The Red Bull Music Academy has been going on for five years, always in a different city, allowing 30 invitees from around the globe to come to an open forum and exchange information about the ideas and mechanics of electronic music culture. The guests explain what they do and try to spark new generations to get involved and push the envelope in their own cities. This year there were participants from at least 28 countries.
Last week, I attended the Red Bull Music Academy in London, England, where I presented a version of the history of Detroit techno. Choosing to focus on inspirations, I played Detroit radio mix tapes from the Mojo, the Wizard and Mayday. The approaches on the tapes ignited a fire in many of the students who had never heard such techniques and were surprised at how modern they sounded. (These are things that we take for granted in Detroit.) The mixes also sparked some heated debates, revealing many interesting international takes on Detroit techno. For all that we have, we often can't see how other people see us, so here are some perspectives:
In the era of electronic music, Detroit will always be considered the home of techno, and one of the main roots of the development of global dance culture.
The flip side of this is that many artists from Detroit are quite arrogant and to the Europeans come off like bitter old jazzmen. Javier from Spain said of Detroit DJs’ claim to total originality that "they were influenced by Kraftwerk and using Japanese machines."
Others echoed this sentiment and spoke about perceptions of race. In Europe, they look at these things quite differently. Torsten from Germany spoke of the huge white guilt that Germans have, and how that helped Detroit techno make such a strong impact in Germany, citing the revolutionary feeling that Underground Resistance brought to Germany circa 1991. Germany remains perhaps Detroit's biggest market.
Michelle from Johannesburg, South Africa, was excited at the parallels to Detroit culturally, that South African cities seem to be like life during wartime with much crime. Also she expressed great enthusiasm for the raw power of the rough-edged Detroit approach, and the need for more oral history from its creators.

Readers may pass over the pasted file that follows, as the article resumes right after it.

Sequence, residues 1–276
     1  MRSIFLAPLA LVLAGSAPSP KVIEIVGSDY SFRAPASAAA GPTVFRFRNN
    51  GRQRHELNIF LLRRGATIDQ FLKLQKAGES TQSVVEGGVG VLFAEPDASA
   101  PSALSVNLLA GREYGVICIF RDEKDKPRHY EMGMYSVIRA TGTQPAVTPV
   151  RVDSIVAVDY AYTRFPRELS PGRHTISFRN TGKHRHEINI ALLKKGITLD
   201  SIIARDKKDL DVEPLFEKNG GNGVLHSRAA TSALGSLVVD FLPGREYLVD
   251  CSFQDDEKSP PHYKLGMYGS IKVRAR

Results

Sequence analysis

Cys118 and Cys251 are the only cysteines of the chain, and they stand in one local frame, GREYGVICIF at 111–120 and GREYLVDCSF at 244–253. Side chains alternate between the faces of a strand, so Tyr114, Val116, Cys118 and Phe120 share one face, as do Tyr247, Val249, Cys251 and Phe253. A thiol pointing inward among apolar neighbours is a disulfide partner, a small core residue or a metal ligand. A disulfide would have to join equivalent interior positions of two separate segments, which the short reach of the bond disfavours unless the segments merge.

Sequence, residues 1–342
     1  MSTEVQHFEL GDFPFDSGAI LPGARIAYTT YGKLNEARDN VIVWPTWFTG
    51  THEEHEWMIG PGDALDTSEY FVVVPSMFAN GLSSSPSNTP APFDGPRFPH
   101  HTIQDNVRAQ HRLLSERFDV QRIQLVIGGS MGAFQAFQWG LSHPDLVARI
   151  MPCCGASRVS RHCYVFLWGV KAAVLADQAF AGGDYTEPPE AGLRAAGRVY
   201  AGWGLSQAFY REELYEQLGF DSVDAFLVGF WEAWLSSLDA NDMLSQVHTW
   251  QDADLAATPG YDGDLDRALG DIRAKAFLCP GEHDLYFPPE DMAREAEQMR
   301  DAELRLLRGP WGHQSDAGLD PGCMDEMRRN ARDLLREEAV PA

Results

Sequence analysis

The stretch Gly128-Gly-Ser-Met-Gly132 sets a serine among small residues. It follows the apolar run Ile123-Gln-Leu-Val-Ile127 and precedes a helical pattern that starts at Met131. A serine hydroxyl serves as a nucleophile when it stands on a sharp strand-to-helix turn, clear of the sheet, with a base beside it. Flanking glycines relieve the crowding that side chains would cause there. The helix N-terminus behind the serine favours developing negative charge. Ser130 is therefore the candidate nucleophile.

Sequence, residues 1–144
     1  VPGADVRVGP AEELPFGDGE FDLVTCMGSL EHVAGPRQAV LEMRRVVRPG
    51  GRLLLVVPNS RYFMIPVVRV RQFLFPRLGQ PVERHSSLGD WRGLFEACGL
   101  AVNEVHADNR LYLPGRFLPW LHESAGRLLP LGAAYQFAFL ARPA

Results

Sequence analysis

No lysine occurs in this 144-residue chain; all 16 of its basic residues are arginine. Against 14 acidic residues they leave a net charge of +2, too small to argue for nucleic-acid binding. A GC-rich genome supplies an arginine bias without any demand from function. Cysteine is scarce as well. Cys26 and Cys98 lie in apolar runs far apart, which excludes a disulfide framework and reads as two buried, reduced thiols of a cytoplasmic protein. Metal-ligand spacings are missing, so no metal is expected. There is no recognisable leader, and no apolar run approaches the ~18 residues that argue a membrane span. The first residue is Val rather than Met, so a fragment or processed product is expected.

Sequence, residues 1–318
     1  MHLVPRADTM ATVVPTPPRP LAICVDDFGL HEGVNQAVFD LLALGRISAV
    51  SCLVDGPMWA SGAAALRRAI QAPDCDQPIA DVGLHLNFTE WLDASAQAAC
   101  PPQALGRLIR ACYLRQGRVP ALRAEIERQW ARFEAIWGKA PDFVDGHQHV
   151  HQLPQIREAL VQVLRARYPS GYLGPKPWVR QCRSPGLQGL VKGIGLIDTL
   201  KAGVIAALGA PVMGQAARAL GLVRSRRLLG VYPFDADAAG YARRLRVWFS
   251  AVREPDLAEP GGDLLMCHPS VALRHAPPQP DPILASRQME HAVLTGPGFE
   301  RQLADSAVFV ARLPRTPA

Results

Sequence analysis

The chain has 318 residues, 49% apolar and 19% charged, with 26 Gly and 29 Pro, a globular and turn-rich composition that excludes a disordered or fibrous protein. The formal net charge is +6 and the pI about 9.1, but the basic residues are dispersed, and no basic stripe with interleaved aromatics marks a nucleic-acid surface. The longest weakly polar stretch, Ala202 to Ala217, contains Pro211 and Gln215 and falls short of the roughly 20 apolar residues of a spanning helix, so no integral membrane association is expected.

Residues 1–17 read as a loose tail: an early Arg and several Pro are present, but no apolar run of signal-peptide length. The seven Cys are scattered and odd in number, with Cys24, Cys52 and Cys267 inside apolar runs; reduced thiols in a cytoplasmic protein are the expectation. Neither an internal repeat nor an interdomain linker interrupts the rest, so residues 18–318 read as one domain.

Renate of Sao Paulo, Brazil, expressed excitement at hearing the early radio mixes and was shocked at how fresh they still sound. Sao Paulo's electronic music scene is just beginning, but Detroit techno made an early impact there via an Inner City show in 1989.
While many worship Detroit techno, others think of Detroit as one of the main sources, but with a long history of poor production, making it easy for Europeans and others with skilled engineers to improve the sound quality, leaving room for the D to be continually ripped off.
Other students expressed frustration with Detroit techno heroes: from Derrick May never releasing music again, to not being able to keep up with Carl Craig's experimentations, hoping for powerful, unique dance music and receiving mainly personal reflections. The passing of the epoch of techno was discussed.
It seems that people are beginning to realize that innovation from Detroit doesn’t always come in the form of techno, but also takes the form of house, electro and ghetto-tech. Many DJs in Europe mix electro with ghetto tracks, but a few also mix in house, among them DJ Hell. Hell was in London for a City Rocker's showcase and the UK crew showed out, ranging from Ed DMX to every press person in the UK — this music is beginning to break there.
As old hat as it is to those in Detroit, ghetto-tech is beginning to spread around the world, bringing with it new levels of cultural confusion. DJs find this music exciting because it contains raw elements of different influences, making it more of a pure, fun kind of music. Many are expecting it to go pop or become a new mixing tool for DJs ranging from house to drum ’n’ bass, giving the world some fresh irreverence. The UK has even produced its own ghetto-tech artist, Innate, who initially released Fat Girls on Disco D's GTI and is now about to be released on Nova Mute.
Valentine’s Day special
This Friday, Jeremy Kallio of ATM and Heart and Hand will present "Dirty & Sturdy: the ATM Valentine’s Day Special" at detroit contemporary (5141 Rosa Parks Blvd., Detroit — 313-898-4ART). There’ll be the usual cast of suspects, from the Omoa and Sharif party crew playing strictly hip hop, to Carlos Souffrant and Brian Gillespie to Tony Ollivera and Scott Zacharias, even Sharif himself. With this crew, the boundaries of the genre will surely stretch. The focal point of the evening is a live presentation from ATM Dance Lab featuring the music of Zach Wallace and Kevin Callaway among other drummers.
On Valentine’s Day at MixWorks, Theo Parrish will appear with special guests. The following weeks will feature Chaos of UR Live (Feb. 21) and Octave One (Feb. 28), with new resident Buzz Goree. Mixworks is at Porter Street Station (1400 Porter St., Detroit — 313-496-1480). E-mail Pitch'd at firstname.lastname@example.org